Israel demolishes Palestinian Bedouin Arab village in Naqab/Negev for 198th times

Israeli policemen stand guard as bulldozers demolish homes in the Bedouin village of Umm al-Hiran in the Naqab (AFP)

Middle East Monitor  /  February 23, 2022

Israeli occupation forces yesterday demolished the Palestinian Bedouin village of Al-Araqeeb in the Naqab/Negev for the 198th time since 2010, Assabeel newspaper reported.

According to the paper, this is the second time the Bedouin village has been demolished since the start of 2022, noting that it was demolished 14 times in 2021.

Residents of the village, which is not recognized by the Israeli occupation government, rebuild it after every demolition. They live in simple homes made of corrugated iron and wood.

Some 22 families – consisting of about 800 people – live in the village which make a living through livestock and desert farming.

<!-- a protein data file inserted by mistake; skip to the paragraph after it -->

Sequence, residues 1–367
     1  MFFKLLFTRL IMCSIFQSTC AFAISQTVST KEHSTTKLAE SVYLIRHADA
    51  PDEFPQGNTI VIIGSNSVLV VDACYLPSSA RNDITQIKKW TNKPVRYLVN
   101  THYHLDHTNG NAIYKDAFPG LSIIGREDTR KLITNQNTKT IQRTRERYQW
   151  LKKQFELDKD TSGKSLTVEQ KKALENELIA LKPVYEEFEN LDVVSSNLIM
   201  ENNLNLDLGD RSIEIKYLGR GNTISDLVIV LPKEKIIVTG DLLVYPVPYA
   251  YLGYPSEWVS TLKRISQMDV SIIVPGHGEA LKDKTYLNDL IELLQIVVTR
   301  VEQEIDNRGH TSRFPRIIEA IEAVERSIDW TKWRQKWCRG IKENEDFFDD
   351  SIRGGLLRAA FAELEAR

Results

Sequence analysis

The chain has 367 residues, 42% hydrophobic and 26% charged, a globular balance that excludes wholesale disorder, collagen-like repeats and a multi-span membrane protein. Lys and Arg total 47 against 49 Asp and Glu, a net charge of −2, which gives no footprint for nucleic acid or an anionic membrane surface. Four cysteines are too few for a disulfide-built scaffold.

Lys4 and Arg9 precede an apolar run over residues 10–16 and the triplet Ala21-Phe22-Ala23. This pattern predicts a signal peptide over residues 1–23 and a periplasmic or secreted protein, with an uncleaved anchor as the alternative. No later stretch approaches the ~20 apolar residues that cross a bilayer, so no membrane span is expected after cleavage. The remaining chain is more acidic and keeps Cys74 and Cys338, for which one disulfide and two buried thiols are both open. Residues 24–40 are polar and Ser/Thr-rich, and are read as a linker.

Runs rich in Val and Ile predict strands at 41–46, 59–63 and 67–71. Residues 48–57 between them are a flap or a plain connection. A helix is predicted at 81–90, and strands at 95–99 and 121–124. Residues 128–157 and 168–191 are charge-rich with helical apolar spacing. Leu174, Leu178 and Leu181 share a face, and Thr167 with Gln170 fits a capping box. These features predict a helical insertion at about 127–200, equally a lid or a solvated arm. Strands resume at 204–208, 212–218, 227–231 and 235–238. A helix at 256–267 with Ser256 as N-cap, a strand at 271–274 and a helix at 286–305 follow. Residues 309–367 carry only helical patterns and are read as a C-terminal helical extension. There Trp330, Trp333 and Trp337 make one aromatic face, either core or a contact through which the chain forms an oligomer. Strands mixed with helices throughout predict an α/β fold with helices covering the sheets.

Villagers have proof of their ownership of 1,250 dunams (1.25 square kilometres) of land dating back to the 1970s, but occupation forces refuse to accept these and are working to evict them from their properties.

Al-Araqeeb was first levelled in July 2010, and every time the residents of Al-Araqeeb rebuild their tents and small homes, occupation forces return to raze them, sometimes several times in a month. Villagers are then billed for the demolitions.

Located in the Naqab/Negev desert, the village is one of 51 “unrecognized” Palestinian Bedouin villages in the area and is constantly targeted for demolition ahead of plans to Judaize the Negev by building homes for new Jewish communities. Israeli bulldozers, which Bedouins are charged for, demolish everything, from the trees to the water tanks, but Bedouin residents have tried to rebuild it every time.

Bedouin in the Naqab/Negev must abide by the same laws as Jewish Israeli citizens. They pay taxes but do not enjoy the same rights and services as Jews in Israel and the state has repeatedly refused to connect the towns to the national grid, water supplies, and other vital amenities.